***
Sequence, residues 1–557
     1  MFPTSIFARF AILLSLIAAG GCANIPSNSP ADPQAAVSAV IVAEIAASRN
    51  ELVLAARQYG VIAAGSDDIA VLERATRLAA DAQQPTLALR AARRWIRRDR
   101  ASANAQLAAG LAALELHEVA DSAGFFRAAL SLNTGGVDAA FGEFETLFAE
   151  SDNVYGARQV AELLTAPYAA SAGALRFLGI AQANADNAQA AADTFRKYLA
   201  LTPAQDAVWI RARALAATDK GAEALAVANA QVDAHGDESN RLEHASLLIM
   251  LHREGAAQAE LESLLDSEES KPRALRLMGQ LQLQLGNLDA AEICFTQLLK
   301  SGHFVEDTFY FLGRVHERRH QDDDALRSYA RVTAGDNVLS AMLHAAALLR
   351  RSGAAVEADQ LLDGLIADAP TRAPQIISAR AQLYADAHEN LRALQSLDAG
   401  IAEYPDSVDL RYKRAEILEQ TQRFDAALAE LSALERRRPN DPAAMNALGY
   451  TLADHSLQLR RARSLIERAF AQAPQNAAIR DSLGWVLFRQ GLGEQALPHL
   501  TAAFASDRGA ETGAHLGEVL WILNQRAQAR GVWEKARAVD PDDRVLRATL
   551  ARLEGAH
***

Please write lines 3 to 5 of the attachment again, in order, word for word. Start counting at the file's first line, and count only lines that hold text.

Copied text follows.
    51  ELVLAARQYG VIAAGSDDIA VLERATRLAA DAQQPTLALR AARRWIRRDR
   101  ASANAQLAAG LAALELHEVA DSAGFFRAAL SLNTGGVDAA FGEFETLFAE
   151  SDNVYGARQV AELLTAPYAA SAGALRFLGI AQANADNAQA AADTFRKYLA